The Caldwell Commercial, Thursday, February 22, 1883.

Last week some Indians came in from the north and went south into the Territory, accompanied by some two or three that had come up to meet them; they camped just over the State line. It seems that they had a supply of fire-water which they had obtained some- where on the route, which soon generated a row which resulted in one of them being stabbed in the breast with a knife. The wound was considered fatal by those that saw it. As the Indians started early next morning for home with the wounded man, we have not heard the result. A. V. Democrat.

The Caldwell Commercial, Thursday, February 22, 1883.

The streams in the Territory are bank full or have been during the past week; consequently, the mail between this place and Reno has been very irregular.

The Caldwell Commercial, Thursday, February 22, 1883.

The rains and the thaw last week raised the Nennescah and Chikaskia rivers so that the water ran over the railroad bridges across those streams. The bridge across the former was so badly damaged by ice and driftwood that no trains could cross it up to last Saturday, and all trains to and from Caldwell had to go by way of Winfield.

The Caldwell Commercial, Thursday, February 22, 1883.

The Oklahomaites.

On last Saturday and Sunday, the Oklahoma boomers who went from here began return- ing and still they keep coming back from the "promised land." Some of the boomers ex- pressed themselves as thinking the expedition was an entire failure, as far as results are concerned at present, owing to the fact that there was no unison of action, and therefore each separate colony from the different parts of the country had their own ideas and notions re- garding the mode of procedure and acted accordingly. One McPherson County man ad- vanced the idea that it would take a greater number of soldiers to keep the boomers in Okla- homa than it would to put them out. The boomers are getting out of that region as fast as circumstances will permit, but find it no easy task to dodge the U. S. Troops that are picking them up wherever found. One thing is certain, we believe, this will be the last raid that will take place for many a day, at least until congress takes some action regarding the disposition of the same.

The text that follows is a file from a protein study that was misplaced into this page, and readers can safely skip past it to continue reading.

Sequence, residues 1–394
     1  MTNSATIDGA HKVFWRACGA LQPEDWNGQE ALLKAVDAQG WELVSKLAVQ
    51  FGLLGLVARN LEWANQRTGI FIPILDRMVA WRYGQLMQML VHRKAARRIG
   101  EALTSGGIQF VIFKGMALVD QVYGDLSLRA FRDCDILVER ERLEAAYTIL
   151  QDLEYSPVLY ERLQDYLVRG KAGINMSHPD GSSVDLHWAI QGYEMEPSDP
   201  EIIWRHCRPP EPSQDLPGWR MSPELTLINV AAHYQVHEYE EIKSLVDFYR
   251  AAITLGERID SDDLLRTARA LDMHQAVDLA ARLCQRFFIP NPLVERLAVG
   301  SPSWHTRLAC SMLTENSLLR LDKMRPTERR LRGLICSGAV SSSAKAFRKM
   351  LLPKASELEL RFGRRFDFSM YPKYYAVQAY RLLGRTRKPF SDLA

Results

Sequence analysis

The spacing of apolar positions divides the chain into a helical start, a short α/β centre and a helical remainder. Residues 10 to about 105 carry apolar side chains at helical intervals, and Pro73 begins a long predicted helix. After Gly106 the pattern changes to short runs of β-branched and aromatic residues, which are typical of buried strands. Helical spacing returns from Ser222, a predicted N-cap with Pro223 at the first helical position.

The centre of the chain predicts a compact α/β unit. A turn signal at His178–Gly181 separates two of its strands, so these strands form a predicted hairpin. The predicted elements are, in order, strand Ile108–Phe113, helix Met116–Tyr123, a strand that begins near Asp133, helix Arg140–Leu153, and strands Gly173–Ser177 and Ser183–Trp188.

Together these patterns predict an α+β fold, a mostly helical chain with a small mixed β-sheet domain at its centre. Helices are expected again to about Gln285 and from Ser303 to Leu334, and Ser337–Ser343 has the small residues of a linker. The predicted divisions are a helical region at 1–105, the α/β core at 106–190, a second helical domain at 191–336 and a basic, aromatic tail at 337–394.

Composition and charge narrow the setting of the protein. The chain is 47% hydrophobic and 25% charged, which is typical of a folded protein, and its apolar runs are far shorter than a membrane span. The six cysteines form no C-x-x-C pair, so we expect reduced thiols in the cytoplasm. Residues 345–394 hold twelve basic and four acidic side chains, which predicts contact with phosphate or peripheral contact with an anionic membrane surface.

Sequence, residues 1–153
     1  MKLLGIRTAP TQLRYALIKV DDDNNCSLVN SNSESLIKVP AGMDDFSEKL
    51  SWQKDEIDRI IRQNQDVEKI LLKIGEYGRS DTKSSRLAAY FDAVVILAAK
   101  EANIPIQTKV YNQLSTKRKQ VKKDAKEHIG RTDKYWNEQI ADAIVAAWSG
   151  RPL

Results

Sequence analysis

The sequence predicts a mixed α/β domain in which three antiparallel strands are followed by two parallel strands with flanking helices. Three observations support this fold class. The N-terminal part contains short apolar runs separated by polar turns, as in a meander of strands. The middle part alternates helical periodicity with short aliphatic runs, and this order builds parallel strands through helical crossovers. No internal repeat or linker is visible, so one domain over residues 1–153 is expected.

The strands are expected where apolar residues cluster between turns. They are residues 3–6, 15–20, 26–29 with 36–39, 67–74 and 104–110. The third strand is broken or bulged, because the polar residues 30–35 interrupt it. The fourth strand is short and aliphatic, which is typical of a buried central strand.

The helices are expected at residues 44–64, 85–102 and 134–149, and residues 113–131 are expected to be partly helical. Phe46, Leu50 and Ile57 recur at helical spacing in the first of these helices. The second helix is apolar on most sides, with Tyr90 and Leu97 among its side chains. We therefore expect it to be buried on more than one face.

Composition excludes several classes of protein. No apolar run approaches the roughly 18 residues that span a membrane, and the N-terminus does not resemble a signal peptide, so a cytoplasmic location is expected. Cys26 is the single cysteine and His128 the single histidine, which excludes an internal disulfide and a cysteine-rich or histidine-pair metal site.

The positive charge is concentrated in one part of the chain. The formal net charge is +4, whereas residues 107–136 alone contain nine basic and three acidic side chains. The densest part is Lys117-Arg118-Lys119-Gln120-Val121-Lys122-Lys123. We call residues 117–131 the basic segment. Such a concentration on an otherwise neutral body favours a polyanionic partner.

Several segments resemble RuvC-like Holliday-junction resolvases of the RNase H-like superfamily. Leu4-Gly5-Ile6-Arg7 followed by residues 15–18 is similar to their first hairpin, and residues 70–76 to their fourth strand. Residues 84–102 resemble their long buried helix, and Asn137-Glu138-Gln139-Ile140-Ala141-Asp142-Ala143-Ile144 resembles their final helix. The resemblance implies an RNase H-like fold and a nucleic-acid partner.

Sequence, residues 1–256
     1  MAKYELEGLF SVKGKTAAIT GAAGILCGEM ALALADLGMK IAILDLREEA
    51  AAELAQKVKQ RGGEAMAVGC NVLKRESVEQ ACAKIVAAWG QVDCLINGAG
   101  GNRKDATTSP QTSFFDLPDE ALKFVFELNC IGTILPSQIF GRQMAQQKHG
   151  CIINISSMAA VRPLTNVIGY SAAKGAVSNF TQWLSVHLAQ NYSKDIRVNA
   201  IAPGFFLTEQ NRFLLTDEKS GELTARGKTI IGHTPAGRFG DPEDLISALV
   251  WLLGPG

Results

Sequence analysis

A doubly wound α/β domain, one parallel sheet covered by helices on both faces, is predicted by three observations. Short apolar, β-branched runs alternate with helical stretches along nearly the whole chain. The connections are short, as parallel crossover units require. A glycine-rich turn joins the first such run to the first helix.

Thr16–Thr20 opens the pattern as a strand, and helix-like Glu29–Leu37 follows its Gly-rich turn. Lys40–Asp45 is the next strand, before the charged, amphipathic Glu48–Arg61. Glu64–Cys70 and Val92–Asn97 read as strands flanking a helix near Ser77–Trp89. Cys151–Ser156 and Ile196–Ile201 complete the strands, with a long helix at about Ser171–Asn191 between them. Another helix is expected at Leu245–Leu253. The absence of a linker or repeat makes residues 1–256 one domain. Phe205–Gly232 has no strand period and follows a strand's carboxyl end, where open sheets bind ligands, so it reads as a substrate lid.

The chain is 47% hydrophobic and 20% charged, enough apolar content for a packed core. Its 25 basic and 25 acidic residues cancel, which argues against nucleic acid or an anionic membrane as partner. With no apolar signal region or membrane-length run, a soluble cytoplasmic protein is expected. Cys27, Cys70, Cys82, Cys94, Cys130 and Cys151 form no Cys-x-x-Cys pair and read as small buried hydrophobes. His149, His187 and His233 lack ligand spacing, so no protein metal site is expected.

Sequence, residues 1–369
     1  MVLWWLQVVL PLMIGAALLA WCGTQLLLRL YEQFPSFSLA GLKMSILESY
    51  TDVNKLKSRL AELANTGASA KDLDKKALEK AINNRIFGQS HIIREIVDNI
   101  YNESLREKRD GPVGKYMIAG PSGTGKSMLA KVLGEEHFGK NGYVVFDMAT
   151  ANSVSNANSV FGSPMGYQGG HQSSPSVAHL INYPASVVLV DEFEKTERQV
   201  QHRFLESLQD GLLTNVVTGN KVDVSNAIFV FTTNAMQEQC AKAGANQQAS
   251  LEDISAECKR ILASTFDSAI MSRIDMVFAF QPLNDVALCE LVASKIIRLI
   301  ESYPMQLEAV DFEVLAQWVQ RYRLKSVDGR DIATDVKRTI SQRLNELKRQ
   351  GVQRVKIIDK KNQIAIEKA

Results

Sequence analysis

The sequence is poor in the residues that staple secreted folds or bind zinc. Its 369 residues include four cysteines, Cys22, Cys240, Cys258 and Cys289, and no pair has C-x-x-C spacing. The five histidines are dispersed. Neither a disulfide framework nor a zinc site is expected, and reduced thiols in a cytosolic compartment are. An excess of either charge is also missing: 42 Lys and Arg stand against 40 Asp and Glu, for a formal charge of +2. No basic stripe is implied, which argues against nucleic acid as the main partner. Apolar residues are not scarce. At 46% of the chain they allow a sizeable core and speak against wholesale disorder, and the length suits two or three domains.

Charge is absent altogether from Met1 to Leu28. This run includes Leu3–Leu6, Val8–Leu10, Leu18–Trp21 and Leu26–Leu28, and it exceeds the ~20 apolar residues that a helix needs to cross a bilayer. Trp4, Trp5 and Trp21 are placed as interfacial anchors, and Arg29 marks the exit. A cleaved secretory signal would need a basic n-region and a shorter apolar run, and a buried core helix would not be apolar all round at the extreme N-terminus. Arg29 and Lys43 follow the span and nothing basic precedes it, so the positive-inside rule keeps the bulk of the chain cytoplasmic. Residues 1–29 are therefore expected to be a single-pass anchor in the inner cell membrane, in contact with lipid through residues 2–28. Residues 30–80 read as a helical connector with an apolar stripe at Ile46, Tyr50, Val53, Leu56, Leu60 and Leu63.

The Caldwell Commercial, Thursday, February 22, 1883.

Major Tufts returned to Muskogee last Thursday afternoon, in obedience to a telegram regarding Creek affairs. We understand that the Major will make out his report at an early day, but what the tenor of it will be no man can say, excepting himself.

The Caldwell Commercial, Thursday, March 1, 1883.